BNSF launches trestle replacement, as White Rock mayor warns of potential rail disaster
BNSF is gearing up to replace the aging rail bridge that spans the Little Campbell River in South Surrey.
All that's needed to get the ball rolling, railway officials say, is for Semiahmoo First Nation to grant permission to access the site.
"Our plans are to replace it, we would like to replace it this year," BNSF spokesperson Gus Melonas said Wednesday.
"However, we are working with the First Nations to arrange access rights to the property.
"We have to build a road into the site, so there's agreement issues that have to be finalized with the First Nations, and we're working on this. We respect the process and are working through it."
Semiahmoo band councillor Joanne Charles did not return Peace Arch News' call requesting comment.
Concerns that the bridge – originally constructed in 1921, with a new span built 20 years later – is becoming unsafe have been voiced for years.
White Rock Mayor Wayne Baldwin added his voice to the issue Thursday, in a letter emailed to Transport Canada.
Citing the recent train tragedy in Lac-Megantic, Que., Baldwin writes that he has "considerable concern" with the structure's deteriorated condition.
"To say it is in bad shape is a gross understatement," Baldwin writes. "Should this bridge fail while being crossed by a freight train carrying dangerous goods… it would be extremely disastrous to our residents and natural environment."
He asks for an inspection to be done "without delay," and for the results to be made public.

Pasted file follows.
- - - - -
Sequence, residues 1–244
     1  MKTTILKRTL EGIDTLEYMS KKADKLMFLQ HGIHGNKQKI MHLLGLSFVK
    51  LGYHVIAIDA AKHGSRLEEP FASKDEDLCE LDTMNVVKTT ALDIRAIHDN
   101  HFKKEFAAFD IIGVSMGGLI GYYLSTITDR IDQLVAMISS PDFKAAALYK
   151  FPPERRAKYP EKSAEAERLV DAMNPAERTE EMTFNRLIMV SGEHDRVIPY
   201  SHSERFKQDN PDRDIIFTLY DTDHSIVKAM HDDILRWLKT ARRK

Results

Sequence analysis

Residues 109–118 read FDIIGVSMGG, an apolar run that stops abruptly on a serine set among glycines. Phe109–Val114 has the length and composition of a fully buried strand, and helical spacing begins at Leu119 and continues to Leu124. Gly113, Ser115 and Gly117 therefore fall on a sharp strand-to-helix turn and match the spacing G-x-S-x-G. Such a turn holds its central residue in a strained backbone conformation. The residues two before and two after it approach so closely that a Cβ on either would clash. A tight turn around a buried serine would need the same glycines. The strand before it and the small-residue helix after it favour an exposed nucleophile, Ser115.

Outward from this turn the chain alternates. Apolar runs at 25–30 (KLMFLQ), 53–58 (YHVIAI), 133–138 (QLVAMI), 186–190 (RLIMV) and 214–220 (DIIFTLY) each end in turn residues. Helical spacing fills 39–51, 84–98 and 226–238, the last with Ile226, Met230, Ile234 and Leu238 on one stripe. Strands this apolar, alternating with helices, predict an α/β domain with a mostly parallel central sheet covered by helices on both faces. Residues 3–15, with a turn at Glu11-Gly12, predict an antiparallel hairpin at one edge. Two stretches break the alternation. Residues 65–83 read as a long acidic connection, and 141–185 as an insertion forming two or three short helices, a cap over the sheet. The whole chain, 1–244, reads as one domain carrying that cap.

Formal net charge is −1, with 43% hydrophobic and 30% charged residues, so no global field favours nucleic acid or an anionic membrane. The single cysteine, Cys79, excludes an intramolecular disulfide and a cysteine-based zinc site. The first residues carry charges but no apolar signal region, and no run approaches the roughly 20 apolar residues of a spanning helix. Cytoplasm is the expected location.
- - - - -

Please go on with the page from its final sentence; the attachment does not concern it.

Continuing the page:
South Surrey resident Perry Adebar – a UBC professor of structural engineering – told CBC News Wednesday that the structure's level of safety "is not adequate," and called for immediate action.
Melonas, however, said that while maintenance issues have been identified, it is regularly inspected and safe.
"If the bridge did not comply to our safety standards, we would not be operating trains over it," he said.
Transport Canada communications officer Sau Sau Liu said by email Thursday that a rail safety inspector "found no threat to safe railway operations" during a March 12 inspection of the bridge.
Liu added that BNSF's Bridge Safety Management Program, which includes annual inspections, "conforms to Transport Canada guidelines." As well, BNSF inspectors are checking the bridge on a monthly basis until the span can be replaced, and remedial repairs will be completed in the interim.
Melonas said temporary fixes planned for this month include the replacement of timber shims with steel; and the replacement of braces and some bearings.
The full span replacement is expected to cost US$1.3 million and take about four months. A design has already been finalized and the work will be planned so as not to disrupt the train schedules, he said.
"We'll continue to move local, national, international freight through the corridor safely."
Melonas noted the bridge over the Little Campbell is not the only work BNSF is eyeing for its B.C. lines. More than US$5 million is to be spent this year on the first phase of an "approach bridge" over the Serpentine River; another US$2.44 million is planned in other areas of the province.